Fast hardware - Slow Windows

03 May 2011
Posted by Laptop Junction

Slow laptop with fast hardware? How Windows XP Pro can grind a fast 2.1 Ghz - 2Gb laptop down to an annoyingly slow computer. Find out how to get it's original speed back.

Fast hardware - slow windows

It's a frustrating experience when a fast Windows XP system gradually slows down  to a sluggish internet surfboard. A few symptoms cumulating over several months of time;

  • Switching between running programs stalls windows for a second
  • Loading websites alternates from fast to slow and vice versa
  • Opening a new website browser tab takes several seconds
  • Checking e-mail is sluggish with a fast internet / server connection
  • Opening a Windows Explorer window takes a few seconds
  • The windows start button and task-bar stall for several seconds.

Symptoms emerge occasionally but gradually become more structural and annoying. A classic Windows problem where several tweaks are needed to get some of the original speed back.

Tabbed browsing in RAM memory lane

Most internet browsers (IE, FireFox, Safari) nowadays allow browsing of several websites at once - through tabbed browsing. Consequently the browser memory footprint has increased significantly over the years. An average surf session with a few tabbed websites easily grabs 300 Mb of RAM memory. A large chunk - specially when it has to be moved around or swapped to disk.

Tabbed browsing increases memory usage
Tabbed browsing increases memory usage - Safari (MAC) with 5 tabs open.

The system page file and free disk space are essential when RAM memory usage increases. Little disk space and a fixed sized system page file can result in a slow system - because the system page file can't increase.

For instance when switching programs (browser -> e-mail -> word processor) even a 2Gb memory bank requires a large system page / swap file (pagefile.sys) on disk. The system page file on disk can also become heavily fragmented when it's increased - something the standard defragmentation program can't fix - the location of the system page file remains fragmented.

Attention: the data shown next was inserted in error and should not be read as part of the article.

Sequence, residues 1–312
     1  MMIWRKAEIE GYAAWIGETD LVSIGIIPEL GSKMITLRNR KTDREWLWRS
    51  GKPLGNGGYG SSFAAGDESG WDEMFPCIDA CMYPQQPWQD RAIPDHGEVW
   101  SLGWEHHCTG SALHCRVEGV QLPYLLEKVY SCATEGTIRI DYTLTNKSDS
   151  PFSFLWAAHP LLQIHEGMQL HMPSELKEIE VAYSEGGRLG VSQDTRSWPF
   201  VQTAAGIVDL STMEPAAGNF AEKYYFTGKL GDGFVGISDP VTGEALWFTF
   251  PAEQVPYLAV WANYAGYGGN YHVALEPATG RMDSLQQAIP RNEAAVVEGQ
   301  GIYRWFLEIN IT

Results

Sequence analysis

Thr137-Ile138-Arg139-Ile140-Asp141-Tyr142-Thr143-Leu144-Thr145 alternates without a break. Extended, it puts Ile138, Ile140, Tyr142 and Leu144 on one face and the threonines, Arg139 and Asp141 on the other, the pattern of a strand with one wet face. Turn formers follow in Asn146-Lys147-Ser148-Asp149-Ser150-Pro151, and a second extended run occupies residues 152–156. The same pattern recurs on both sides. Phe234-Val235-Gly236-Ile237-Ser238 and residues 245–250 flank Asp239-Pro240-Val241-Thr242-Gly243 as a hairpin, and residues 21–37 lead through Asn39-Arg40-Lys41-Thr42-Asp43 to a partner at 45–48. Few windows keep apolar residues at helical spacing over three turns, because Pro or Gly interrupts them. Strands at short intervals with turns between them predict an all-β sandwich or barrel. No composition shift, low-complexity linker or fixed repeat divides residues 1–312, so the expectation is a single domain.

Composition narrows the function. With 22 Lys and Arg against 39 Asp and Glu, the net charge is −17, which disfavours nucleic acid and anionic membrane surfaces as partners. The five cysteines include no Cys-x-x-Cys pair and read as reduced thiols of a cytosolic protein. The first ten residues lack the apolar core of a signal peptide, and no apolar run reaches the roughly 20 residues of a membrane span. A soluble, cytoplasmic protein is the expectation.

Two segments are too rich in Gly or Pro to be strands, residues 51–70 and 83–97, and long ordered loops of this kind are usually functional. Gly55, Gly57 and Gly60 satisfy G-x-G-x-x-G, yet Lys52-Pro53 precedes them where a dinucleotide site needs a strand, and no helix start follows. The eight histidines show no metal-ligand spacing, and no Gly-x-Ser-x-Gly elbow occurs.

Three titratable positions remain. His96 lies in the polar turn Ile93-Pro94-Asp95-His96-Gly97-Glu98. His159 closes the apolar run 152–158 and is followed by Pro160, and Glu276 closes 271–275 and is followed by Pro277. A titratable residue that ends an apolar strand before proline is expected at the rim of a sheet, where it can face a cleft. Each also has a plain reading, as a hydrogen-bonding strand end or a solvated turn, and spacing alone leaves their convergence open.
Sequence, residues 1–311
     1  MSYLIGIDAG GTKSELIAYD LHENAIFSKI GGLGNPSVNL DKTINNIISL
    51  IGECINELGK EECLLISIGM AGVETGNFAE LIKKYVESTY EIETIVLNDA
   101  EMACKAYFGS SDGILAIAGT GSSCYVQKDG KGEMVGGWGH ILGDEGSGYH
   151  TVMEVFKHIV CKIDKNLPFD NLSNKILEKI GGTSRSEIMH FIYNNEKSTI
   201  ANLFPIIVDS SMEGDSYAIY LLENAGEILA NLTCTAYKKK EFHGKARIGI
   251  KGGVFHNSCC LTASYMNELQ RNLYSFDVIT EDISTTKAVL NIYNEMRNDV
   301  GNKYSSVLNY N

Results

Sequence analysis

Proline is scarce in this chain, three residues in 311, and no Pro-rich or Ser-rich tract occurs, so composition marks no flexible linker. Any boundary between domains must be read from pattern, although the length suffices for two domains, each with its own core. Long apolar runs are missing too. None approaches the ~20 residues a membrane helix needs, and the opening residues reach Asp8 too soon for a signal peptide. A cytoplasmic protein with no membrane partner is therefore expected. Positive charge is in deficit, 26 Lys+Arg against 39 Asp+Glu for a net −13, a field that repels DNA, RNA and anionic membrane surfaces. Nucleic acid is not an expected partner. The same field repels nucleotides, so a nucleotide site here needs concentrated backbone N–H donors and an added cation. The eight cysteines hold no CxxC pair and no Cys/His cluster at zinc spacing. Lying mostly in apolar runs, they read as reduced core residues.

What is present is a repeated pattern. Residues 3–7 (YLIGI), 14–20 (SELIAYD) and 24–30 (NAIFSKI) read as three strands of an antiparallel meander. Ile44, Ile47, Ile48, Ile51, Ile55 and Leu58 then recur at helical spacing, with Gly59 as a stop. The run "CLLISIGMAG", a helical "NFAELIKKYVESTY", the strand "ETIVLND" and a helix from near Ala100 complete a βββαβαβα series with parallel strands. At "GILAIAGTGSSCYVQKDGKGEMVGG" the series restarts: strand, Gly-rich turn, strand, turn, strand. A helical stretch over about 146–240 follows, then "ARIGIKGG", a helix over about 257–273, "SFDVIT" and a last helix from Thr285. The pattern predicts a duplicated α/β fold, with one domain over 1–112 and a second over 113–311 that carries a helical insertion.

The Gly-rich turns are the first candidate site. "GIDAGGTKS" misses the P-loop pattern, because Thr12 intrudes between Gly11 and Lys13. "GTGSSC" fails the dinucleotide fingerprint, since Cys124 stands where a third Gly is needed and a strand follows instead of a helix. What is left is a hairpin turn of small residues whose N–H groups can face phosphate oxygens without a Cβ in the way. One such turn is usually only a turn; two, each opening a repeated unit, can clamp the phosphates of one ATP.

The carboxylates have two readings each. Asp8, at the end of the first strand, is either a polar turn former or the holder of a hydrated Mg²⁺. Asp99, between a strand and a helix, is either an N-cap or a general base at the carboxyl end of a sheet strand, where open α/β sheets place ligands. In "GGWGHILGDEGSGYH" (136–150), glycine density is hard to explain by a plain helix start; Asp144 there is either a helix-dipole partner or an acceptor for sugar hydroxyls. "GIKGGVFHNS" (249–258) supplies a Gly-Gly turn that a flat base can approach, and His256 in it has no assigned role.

Hibernation mode saves long startups

Windows Hibernation mode saves many from long Windows XP startups and restores previous internet browsing sessions. It saves time and precious laptop battery power.

Hibernation mode - always on system
Hibernation mode - always on system - memory eaters eat away memory

Hibernation mode turns Windows XP into an "always on" operating system - because a previous session is restored from disk. It feeds memory eaters slowly eating away available memory over several days / weeks. In the end the inevitable happens, Windows gets slower and slower and suddenly goes into a stall and doesn't return - a forced restart (press power button for 5 seconds) is the only way to continue.

When the hibernation file is created - a fragmented disk can spread the large hibernation file over many locations. Something the standard defragmentation program can't fix - the location of the hibernation file remains fragmented.

Getting CPU speed back

A tweak of the system page file and hibernation file can get CPU speed back. The page file can be too small and/or can be fragmented allover the disk. Specially on boot disks where there's little disk space left a fragmented, too small, system page file can be the recipe for a grinding slow system.

Optimizing system speed starts with enough defragmented disk space to allocate the system pagefile (pagefile.sys) and hibernation file (hiberfil.sys) to continuous file chunks. This instead of a fragmented pagefile.

Defragment pagefile and hibernation file
Defragment pagefile and hibernation file - Free System File Defragmenter V2.32 from Sysinternals.

Unfortunately the hibernation and system page file file must be allocated on the boot disk / partition. When the paging system file on the boot disk is set smaller than recommend, Windows will allocate the remaining size at the next partition. (ie: datadisk at for instance drive D: or E:) if available.

In steps:

  • Turn hibernation mode off (Power Options in Start-Settings-Control Panel)
  • Defragment the boot disk with the standard Windows defragmenter
  • Run PageDefrag to defragment the pagefile. (System File Defragmenter V2.32 from Sysinternals.)
  • Defragment the boot disk again
  • Set pagefile size on system managed size - see below
  • Turn hibernation mode on again

Set paging file size in Windows XP to system managed
Set paging file size in Windows XP to system managed

If in any of these steps disk space becomes tight - free up more space before continuing, Start allover again.

Software links - Fast Hardware - Slow Windows

System File Defragmenter V2.32 from Sysinternals